Dr. Weitz:            What about for cardiovascular disease?

Dr. Tan:                Cardiovascular disease. The study that we did was at 250 milligram, between 200 and 300. So at the time we make the soft gel 125 milligram. We gave to patient 125, they take two soft gel, 250, three for 375, and four for 500. So when we dose escalate, we find out that 250 hit the number. And if you want to reduce inflammation, maybe 500 milligram, otherwise if to just to reduce lipid, 250 milligram would be fine.

Dr. Weitz:            So if you’re going to take it for cardiovascular, you would do the 250, and you would do that once a day and preferably when you take your fish oil or if you’re using red yeast rice or a statin, take it with that?

Dr. Tan:                Yeah. You take it with that and take them with a meal. The statin drug, you can take it with or without a meal. The fish oil oftentimes is taken because fish oil is a lipid. So if you take it with fish oil, with a meal… When I say with a meal, and sometime people are religion, I just mean that one hour before a meal, up to two hours after a meal. Why do I say that? If you take it one hour before a meal, when you eat the meal an hour later, you masticate with the meal will be fine.  And why you can take it two hours?  Because as you eat food, the food is not going to get out of your stomach for at least two hours. So when I say with a meal, I mean one hour before, up to two hours after, not religiously must be, I eat the food, now I got to take it now. People ask me like that’s so..

Dr. Weitz:            No, no. It’s good to clarify that because some patients are trying really hard to follow the directions exactly, and they’ll agonize if they’re told to take it with the meal and they take it right after the meal or… So what you’re saying is it takes a long time for the fruit to get digested, as long as it’s somewhere around the time of the meal. That’s fine.

Dr. Tan:                That’s fine. Yeah.

Dr. Weitz:            I know you have a small book for consumers, The Truth About Vitamin E, and you also have a textbook, right? That’s available as well.

Dr. Tan:                Yeah.

Dr. Weitz:            Can you ask about those?

Dr. Tan:                I’m going to show you. This is a picture of the book here, like that. The Truth About Vitamin E. And it’s a short book. It’s only about 70, 80 pages long. So if you wanted to have a copy of this book here, you can go on barrietan.com, and my name is spelled B-A-R-R-I-E.com. And then if you put the code word, wellness, because we are on your program here, wellness, and then you can download an electronic copy.  So if you wish to have a hard copy, you can email me through that. Otherwise, if you want it faster, you get download and it’s free, and then you can see a lot more study and a lot more things that we discussed here; dosage, this and then what is useful for what area. It should be in there. So I did that as a public service, as a love for this, that I spent almost my whole life studying this, to let people know today of that special vitamin E. That’s why I say the truth about vitamin E is actually Tocotrienol, not tocopherol.  There are just too many problems with tocopherol to find that is any use.  That even if you use it, you have to tiptoe around all the benefit because of the potential negative benefit.  So I decided that I’m done with tocopherol.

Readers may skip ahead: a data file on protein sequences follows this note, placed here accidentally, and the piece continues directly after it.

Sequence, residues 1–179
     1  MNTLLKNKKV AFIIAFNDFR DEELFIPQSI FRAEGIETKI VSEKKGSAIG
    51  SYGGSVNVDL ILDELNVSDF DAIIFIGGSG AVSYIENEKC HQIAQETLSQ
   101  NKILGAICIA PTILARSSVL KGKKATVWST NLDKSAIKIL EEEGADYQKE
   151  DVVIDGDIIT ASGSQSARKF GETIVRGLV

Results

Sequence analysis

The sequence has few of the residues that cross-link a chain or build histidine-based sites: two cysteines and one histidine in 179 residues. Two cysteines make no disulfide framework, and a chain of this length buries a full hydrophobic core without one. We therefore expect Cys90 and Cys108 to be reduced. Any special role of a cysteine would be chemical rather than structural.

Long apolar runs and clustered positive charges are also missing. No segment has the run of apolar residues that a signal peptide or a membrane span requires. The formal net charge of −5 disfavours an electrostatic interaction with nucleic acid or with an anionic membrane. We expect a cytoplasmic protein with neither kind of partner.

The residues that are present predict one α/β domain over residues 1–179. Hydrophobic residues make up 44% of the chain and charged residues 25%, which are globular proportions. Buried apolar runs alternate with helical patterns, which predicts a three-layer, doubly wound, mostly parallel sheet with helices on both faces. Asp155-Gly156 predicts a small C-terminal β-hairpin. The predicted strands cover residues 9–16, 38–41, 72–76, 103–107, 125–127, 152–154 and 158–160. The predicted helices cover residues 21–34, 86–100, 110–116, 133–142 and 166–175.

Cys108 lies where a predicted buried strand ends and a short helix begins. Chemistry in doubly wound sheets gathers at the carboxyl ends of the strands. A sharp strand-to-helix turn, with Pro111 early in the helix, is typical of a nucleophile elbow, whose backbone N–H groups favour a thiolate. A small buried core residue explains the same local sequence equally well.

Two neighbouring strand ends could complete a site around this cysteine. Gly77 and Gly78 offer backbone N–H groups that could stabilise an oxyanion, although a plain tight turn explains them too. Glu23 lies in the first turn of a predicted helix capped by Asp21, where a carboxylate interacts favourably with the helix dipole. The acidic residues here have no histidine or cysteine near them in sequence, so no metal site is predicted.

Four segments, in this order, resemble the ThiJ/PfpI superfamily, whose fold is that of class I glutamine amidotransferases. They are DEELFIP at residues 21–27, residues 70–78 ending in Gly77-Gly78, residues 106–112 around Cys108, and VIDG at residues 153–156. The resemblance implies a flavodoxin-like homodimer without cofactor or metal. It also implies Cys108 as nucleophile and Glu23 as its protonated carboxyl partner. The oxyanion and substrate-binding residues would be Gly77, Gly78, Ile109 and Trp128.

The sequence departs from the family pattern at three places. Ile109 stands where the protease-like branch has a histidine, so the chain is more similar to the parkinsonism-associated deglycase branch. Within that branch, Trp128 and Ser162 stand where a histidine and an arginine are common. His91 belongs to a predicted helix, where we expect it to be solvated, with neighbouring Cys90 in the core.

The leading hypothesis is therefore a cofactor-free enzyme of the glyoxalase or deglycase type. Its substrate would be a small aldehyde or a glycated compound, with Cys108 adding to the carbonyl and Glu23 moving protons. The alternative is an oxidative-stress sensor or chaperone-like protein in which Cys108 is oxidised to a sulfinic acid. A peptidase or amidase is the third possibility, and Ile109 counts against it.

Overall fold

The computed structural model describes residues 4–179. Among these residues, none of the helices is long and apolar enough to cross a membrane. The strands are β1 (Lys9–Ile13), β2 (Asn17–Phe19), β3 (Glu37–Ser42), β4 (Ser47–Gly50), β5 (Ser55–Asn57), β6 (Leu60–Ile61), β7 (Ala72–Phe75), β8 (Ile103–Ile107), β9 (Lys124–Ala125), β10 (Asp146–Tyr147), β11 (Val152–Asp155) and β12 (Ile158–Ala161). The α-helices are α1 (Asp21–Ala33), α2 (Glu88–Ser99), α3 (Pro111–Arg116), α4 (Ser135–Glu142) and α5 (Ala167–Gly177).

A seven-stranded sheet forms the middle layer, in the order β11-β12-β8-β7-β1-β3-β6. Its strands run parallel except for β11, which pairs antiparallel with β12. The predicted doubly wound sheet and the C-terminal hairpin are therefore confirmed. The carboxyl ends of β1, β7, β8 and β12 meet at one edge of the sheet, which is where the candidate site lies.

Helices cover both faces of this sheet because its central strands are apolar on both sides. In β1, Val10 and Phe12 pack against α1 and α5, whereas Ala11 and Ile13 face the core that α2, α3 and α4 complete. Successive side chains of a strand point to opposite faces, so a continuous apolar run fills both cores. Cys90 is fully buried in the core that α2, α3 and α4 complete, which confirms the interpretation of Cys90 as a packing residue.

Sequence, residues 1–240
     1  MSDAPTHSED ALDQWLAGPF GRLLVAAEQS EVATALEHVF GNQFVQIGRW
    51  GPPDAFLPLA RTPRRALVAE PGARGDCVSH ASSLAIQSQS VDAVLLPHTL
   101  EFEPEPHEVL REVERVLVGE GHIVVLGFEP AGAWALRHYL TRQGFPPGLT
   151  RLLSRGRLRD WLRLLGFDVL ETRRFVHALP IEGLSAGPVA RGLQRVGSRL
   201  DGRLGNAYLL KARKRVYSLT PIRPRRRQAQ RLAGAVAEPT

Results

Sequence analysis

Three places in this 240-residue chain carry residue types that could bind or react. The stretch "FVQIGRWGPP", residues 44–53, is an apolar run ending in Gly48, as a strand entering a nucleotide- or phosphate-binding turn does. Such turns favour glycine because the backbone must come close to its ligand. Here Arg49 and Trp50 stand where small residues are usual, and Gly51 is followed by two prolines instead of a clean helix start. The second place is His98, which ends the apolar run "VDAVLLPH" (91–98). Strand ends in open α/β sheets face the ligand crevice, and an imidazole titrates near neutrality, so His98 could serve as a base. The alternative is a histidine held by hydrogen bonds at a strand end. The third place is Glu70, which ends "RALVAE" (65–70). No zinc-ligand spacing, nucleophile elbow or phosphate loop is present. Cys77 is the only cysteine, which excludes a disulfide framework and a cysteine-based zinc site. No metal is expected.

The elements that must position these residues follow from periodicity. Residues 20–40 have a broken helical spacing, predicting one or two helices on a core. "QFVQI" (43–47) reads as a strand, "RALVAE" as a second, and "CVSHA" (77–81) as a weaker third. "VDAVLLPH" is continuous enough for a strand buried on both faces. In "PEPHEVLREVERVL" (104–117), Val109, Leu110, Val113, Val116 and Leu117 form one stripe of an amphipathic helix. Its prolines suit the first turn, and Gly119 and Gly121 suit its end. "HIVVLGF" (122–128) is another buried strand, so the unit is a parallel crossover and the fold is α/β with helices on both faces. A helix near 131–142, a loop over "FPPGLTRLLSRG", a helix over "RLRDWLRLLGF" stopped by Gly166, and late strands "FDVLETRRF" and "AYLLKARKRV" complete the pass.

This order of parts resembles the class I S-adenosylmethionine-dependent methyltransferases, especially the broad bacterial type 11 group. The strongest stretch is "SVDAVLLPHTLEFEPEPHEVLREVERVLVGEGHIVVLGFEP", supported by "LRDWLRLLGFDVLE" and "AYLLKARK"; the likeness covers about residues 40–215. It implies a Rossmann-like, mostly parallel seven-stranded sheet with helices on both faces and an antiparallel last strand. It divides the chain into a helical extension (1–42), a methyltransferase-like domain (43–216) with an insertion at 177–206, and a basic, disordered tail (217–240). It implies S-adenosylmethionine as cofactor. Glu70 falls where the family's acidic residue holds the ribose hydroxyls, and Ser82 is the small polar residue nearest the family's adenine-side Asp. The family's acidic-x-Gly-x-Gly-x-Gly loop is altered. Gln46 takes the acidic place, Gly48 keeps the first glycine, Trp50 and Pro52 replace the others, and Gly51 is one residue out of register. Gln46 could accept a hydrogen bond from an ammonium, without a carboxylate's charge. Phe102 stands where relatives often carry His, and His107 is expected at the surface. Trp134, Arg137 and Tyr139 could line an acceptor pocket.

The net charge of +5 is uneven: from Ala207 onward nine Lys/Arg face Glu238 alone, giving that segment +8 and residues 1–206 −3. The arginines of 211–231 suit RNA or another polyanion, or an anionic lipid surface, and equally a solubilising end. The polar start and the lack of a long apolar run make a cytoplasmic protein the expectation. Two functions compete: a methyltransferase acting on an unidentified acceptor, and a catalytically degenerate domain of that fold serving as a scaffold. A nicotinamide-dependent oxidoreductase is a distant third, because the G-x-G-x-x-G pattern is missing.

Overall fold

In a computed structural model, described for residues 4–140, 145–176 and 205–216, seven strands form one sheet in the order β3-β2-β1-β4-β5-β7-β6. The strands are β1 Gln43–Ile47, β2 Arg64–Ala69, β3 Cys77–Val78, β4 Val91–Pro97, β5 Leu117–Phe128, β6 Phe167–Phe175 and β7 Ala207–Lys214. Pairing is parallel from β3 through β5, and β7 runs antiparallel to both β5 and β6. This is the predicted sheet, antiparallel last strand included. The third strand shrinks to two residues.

Dr. Weitz:            And what about you have a textbook also?

Dr. Tan:                Oh yeah. A textbook. Yes.

Dr. Weitz:            And this is something more for clinicians who might be interested in delving deep into some of the detailed scientific information about Tocotrienols

Dr. Tan:                Yes. How about while Kim is getting me the textbook for me to show, I know that as a remark that I want to make just in case we didn’t cover it. Currently, we are continuing our study more overweight and obese people, they’re 60, 70 years old, because carrying a lot of heavy fat is not good. They’re healthy. So keep watch, in another year we’ll know that study like that. And another note that you may or may not ask, we also noticed that when you add Tocotrienol, it help… When you address cancer, 1% of cancer is called cancer STEM cell. These are rogue cancer cell that circulate in our body. We now have scientific proof that Tocotrienol actually even nail the cancer STEM cell. We have shown it on prostate cancer, breast cancer, pancreatic cancer, and skin cancer. Can you imagine that? Even if you nail the cancer, the rogue cell will go on. So we even nail after that. I am so thrilled about that.  So for no other reason, for prevention reason, we should be taking… because in our body, even if we don’t have frank cancer, we have cancer, rogue cancer cell floating around to do this. So to answer your question, for the scientists, this is a book that I added here and I’m the main editor here. So this is called Tocotrienol, Vitamin E beyond Tocopherol. And a picture of annatto here. This a summary of all the different professors and scientists on the research work.